Posted by Bit on July 18, 2007 at 06:14 PM EDT #

Absolutely.  I agree.  I would never recommend, nor encourage Escalating an SR/Case shortly after its creation.  Give Oracle Support a chance to review it, research it and troubleshoot it.   If Support is actively engaged and is working diligently on the issue, escalation is not necessary.

Finally, Escalation doesn't have to be viewed upon as only when dissatisfaction arises.  Use Escalation to let the manager know what a great job your engineer is doing and that you want to recognize them for their efforts!

Posted by Chris Warticki on July 19, 2007 at 12:55 AM EDT #

In response to Fadi's reply, I would not recommend asking the engineer to have an SR/Case reassigned to another engineer. 
Reassignment of issues should only be done with management involvement.  Use the escalation process to open that dialogue with the support manager and ask the manager if reassigning the issue can be done.  Most often it will.

Posted by Chris Warticki on July 19, 2007 at 12:58 AM EDT #

Thank you for your feedback.  I'm happy to know that you have observed improvements from Support in your career working with Oracle products.

Synchronization is key! (soon to be another blog post)

Allow me to re-clarify from experience as an Escalation/Duty Manager:
We have many engineers scattered throughout the globe, staffed to capacity for incoming volume.  Just because the engineer is in Country-X doesn't mean that they necessarily work those business hours only.  I've managed a global team of over 35 engineers all staffed for US business hours. Customers escalated to me all the time requesting it to be moved to a closer timezone, when in fact the engineer was working 3rd shift in their geography to cover US capacity.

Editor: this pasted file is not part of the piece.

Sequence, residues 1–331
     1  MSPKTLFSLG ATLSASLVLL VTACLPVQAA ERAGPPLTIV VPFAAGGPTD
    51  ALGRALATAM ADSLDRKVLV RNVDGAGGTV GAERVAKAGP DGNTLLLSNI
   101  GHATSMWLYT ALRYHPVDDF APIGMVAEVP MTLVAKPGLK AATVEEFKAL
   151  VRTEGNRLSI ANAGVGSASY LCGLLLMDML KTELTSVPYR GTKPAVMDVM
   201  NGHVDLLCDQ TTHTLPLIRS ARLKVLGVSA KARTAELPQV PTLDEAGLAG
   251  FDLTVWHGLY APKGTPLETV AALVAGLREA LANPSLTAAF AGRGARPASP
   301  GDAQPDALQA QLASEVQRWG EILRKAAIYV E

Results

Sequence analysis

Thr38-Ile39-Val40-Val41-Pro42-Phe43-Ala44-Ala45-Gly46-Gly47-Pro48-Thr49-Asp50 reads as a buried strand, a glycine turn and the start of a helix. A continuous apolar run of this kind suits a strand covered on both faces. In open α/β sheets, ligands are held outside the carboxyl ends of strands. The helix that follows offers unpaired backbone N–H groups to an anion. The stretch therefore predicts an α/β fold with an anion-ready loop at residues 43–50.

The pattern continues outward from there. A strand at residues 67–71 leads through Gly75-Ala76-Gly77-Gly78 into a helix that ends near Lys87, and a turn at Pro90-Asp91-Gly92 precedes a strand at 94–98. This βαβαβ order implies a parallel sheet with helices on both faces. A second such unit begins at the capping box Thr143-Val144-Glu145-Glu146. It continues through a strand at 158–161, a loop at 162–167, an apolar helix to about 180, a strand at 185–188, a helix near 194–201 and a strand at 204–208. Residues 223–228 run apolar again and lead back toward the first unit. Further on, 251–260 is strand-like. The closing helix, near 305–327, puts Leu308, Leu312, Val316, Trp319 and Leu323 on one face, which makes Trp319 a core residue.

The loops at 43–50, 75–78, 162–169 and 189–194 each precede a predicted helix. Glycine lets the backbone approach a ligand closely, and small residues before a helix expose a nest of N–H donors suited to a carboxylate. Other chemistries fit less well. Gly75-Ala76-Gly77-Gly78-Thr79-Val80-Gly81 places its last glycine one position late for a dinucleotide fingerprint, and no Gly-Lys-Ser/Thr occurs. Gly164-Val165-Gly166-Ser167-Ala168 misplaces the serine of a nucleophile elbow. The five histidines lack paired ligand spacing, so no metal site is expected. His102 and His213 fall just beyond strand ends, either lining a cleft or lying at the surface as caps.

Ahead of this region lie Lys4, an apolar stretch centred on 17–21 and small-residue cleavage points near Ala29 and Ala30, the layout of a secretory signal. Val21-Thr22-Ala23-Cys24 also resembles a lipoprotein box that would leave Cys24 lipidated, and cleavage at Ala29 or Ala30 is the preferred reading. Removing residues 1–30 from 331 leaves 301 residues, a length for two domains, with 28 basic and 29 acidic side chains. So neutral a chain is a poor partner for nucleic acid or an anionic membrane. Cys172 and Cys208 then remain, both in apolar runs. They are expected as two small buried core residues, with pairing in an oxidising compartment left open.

Also, requesting within the SR that your engineer be in your timezone is not recommended.  Our engineers cannot reassign their own work.  (nothing would get done).  Also, just because a customer is in timezone 'A' doesn't mean they don't work 2nd or 3rd shift for their own company.   So, timezone alignment isn't always the solution.

What I do recommend is is to escalate the Service Request, using the escalation process as defined.
Just because you escalate an SR, doesn't mean it will be worked in your timezone.  Support may not have anyone in EST, therefore the Escalation Manager and customer will discuss at that time.  AND - this request shouldn't be made in the Service Request itself, only through the Escalation Process, during your discussion with the manager over the telephone. 

Posted by Chris Warticki on June 04, 2008 at 01:14 AM EDT #

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Chris Warticki
Support Specialist, Presenter Extraordinaire, Toastmaster & self-proclaimed Support "spokesmodel".

Chris has been working for Oracle for over 16 years. Chris educates customers how to maximize their Support investment and leverage the support tools and available resources as part of Premier Support.

Chris works for Global Customer Management and speaks with customers on all topics regarding Oracle support services